March 8, 2012
Nicholas Appert, a Frenchman, first preserved food without refrigeration in 1810, and an English immigrant named William Underwood first brought the technology to America. He set up a condiment business on Boston’s Russia Wharf. Despite Underwood’s legacy as a purveyor of deviled ham (and a pioneer of the term “deviled,” which he reportedly trademarked in 1870, the inaugural year of the U.S. Patent Office), he initially put up seafood. In Pickled, Potted, and Canned, Sue Shephard writes, “He first bottled and later canned lobster and salmon, which he exported using the label ‘Made in England,’ presumably to make the consumer feel it was a well-tried safe product from the old country and not something suspect from the ‘new.’”
By the late 19th century, Underwood had a problem—a rather disgusting problem that manifested itself as “swelling” cans of clams and lobster. These cans could be distinguished by their sound. In an 1896 paper, Underwood writes, “[U]nsound cans which have not yet swelled give a characteristic dull tone when struck.” At their worst, the dull cans spoiled without swelling. “Such cases are sometimes found in canned clams, and more frequently in lobster, in the latter case being known to the trade as ‘black lobster.’”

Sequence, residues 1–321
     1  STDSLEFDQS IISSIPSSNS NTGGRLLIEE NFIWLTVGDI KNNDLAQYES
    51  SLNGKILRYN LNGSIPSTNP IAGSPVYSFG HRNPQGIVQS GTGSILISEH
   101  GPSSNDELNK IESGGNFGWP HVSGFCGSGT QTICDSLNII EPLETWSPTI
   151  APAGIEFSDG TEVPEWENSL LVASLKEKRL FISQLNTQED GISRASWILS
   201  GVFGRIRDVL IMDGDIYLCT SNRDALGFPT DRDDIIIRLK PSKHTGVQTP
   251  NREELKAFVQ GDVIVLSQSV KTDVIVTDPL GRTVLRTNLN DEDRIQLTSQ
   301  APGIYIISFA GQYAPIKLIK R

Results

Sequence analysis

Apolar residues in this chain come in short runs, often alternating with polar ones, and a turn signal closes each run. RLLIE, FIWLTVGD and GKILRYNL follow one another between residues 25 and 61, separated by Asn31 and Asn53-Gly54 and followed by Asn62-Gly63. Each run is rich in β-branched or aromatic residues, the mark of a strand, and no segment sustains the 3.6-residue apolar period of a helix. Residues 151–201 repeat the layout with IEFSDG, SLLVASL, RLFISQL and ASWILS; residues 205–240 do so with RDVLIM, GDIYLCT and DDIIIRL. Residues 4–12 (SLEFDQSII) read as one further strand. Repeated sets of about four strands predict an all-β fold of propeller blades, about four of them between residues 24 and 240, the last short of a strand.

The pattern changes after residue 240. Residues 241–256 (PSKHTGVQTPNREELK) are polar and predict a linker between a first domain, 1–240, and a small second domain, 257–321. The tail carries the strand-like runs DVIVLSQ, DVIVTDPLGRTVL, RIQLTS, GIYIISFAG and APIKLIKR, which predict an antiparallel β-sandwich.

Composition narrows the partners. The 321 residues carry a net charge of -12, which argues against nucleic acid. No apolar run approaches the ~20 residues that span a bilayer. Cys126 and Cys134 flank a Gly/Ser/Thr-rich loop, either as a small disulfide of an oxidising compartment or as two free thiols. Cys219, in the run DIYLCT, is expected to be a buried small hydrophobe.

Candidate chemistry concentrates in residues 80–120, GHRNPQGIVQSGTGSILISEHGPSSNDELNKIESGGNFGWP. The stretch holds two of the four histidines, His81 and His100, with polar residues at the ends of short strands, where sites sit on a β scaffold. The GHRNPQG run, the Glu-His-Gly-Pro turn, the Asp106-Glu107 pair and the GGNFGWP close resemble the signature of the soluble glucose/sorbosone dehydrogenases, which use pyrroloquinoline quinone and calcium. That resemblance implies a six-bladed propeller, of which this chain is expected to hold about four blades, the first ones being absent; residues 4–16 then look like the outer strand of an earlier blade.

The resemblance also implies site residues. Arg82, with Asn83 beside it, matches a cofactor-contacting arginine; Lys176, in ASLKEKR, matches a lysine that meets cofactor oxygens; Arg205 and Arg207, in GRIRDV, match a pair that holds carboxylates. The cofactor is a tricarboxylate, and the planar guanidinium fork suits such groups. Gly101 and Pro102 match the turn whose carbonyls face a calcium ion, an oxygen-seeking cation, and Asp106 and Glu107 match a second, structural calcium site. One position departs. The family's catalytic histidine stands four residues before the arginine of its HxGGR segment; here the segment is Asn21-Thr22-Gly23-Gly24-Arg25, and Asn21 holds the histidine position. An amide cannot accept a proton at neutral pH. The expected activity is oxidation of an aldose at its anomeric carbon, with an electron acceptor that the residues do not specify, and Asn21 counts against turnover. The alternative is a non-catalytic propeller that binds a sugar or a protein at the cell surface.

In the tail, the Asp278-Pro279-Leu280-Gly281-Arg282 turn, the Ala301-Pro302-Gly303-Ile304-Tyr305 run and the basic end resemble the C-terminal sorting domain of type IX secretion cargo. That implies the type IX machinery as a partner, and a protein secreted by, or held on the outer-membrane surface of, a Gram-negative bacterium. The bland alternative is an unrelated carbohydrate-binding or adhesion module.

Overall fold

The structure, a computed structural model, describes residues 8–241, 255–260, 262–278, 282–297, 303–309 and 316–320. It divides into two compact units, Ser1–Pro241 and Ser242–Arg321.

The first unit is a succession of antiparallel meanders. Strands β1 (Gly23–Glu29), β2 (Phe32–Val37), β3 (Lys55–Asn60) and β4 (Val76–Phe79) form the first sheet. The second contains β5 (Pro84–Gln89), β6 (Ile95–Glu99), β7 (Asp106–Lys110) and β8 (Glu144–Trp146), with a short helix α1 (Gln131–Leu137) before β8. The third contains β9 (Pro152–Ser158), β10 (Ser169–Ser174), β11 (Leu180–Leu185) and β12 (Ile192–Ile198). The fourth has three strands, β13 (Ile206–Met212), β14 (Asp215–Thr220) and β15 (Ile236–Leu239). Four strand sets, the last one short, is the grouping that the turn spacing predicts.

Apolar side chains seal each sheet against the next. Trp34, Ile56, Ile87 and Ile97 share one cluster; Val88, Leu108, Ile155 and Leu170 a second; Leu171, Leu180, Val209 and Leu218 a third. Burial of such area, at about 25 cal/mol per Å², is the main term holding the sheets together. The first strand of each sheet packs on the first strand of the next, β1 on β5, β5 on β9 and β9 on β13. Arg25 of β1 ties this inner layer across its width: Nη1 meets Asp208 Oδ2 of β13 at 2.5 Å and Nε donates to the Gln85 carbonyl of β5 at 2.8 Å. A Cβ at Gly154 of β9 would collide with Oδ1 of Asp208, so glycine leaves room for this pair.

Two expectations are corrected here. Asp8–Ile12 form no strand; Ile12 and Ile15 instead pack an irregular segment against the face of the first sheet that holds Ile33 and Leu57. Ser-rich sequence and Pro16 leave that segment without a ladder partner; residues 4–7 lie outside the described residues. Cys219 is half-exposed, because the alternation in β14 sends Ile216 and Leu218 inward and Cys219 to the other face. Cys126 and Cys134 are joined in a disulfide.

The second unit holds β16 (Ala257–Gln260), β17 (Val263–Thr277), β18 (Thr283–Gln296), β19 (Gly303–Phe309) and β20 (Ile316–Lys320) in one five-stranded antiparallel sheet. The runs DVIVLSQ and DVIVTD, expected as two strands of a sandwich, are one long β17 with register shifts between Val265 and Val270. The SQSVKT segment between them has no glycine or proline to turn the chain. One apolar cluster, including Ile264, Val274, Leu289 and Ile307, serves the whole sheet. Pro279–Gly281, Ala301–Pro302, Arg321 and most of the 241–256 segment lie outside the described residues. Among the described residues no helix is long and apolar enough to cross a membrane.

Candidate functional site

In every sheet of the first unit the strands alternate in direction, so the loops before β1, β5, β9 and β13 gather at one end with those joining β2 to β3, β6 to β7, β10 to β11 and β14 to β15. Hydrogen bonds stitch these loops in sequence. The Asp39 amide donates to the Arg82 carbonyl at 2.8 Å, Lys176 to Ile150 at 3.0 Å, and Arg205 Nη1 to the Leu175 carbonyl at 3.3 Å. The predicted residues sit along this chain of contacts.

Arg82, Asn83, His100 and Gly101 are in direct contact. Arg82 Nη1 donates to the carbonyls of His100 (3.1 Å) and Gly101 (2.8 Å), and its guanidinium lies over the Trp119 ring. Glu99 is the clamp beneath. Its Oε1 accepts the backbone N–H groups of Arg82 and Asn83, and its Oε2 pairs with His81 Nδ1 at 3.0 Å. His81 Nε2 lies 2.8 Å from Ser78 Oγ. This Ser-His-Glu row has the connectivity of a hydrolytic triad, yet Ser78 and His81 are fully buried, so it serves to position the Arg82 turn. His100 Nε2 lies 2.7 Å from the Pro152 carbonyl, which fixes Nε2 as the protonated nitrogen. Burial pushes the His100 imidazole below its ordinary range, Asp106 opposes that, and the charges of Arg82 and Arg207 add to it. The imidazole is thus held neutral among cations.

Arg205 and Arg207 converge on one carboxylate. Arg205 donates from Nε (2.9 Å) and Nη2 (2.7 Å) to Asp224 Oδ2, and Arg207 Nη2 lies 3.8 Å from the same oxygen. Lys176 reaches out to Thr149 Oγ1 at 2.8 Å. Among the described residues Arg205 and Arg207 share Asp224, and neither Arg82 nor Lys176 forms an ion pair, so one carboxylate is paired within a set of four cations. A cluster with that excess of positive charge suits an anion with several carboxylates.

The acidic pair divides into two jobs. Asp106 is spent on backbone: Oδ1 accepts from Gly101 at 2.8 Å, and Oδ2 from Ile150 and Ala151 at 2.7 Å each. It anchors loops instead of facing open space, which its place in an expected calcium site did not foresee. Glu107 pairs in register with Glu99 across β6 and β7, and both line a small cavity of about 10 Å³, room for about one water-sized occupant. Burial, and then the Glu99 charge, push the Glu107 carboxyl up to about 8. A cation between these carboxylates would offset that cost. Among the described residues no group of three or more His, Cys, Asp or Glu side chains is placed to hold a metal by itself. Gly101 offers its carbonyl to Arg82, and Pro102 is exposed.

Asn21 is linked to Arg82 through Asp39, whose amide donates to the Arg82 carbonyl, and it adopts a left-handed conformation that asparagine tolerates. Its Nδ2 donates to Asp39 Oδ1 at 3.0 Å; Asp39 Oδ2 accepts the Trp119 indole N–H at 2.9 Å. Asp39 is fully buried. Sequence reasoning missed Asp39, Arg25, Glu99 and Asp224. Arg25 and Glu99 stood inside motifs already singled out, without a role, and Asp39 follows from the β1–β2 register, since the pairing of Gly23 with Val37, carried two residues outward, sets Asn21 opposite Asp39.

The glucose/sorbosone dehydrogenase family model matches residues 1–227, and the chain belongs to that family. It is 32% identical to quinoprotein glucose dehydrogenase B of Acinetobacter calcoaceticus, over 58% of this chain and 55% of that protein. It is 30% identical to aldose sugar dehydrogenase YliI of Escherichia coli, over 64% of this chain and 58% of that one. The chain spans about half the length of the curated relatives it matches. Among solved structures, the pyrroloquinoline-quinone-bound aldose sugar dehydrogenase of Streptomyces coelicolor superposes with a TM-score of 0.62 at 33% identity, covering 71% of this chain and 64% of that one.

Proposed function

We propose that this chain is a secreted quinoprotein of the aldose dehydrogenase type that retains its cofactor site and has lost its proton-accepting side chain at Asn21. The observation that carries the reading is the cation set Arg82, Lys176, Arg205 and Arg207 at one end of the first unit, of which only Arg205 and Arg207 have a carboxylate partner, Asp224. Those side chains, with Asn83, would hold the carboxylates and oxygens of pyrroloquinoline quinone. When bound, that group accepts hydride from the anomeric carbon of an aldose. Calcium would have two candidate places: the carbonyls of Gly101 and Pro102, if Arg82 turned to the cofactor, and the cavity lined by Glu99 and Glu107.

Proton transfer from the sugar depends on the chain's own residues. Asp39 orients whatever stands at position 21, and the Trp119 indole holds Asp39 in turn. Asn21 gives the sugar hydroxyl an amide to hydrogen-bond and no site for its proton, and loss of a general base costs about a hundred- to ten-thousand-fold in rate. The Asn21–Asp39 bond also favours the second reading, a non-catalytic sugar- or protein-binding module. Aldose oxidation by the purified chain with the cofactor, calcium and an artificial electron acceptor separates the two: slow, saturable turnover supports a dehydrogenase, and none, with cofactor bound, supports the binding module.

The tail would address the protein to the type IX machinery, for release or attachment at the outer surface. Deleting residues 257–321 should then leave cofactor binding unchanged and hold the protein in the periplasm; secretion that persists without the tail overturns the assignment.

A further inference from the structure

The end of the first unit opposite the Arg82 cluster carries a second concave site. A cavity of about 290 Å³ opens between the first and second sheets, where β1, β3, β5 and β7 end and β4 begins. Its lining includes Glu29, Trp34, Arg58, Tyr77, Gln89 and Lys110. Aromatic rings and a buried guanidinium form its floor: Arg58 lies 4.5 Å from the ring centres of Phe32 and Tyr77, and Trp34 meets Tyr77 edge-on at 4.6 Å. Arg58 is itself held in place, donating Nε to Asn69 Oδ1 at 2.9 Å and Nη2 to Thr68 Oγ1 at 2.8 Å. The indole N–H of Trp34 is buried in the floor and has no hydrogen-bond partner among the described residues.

With the help of MIT food scientist Samuel Prescott, Underwood spent months in the lab in 1895 examining the source of spoilage. The two found a type of bacteria that formed heat-resistant spores that caused bacterial blooms; these spores could be killed by canning at 250°F for 10 minutes—a process that would transform the science and technology of canning, ushering in a world full of safe canned vegetables or meat. The canning innovation also left another lasting impression: Foods are safe only when sterilized.
The rise of the “tin can civilization,” Shephard writes, “relegated most traditional food preservation to quaint practices of undeveloped regions.” In this light, it’s worth remembering what canning does not preserve: The microbial biodiversity that once gave rise to the domesticated species we now use to leaven breads and brew beers. That, too, is worth preserving.
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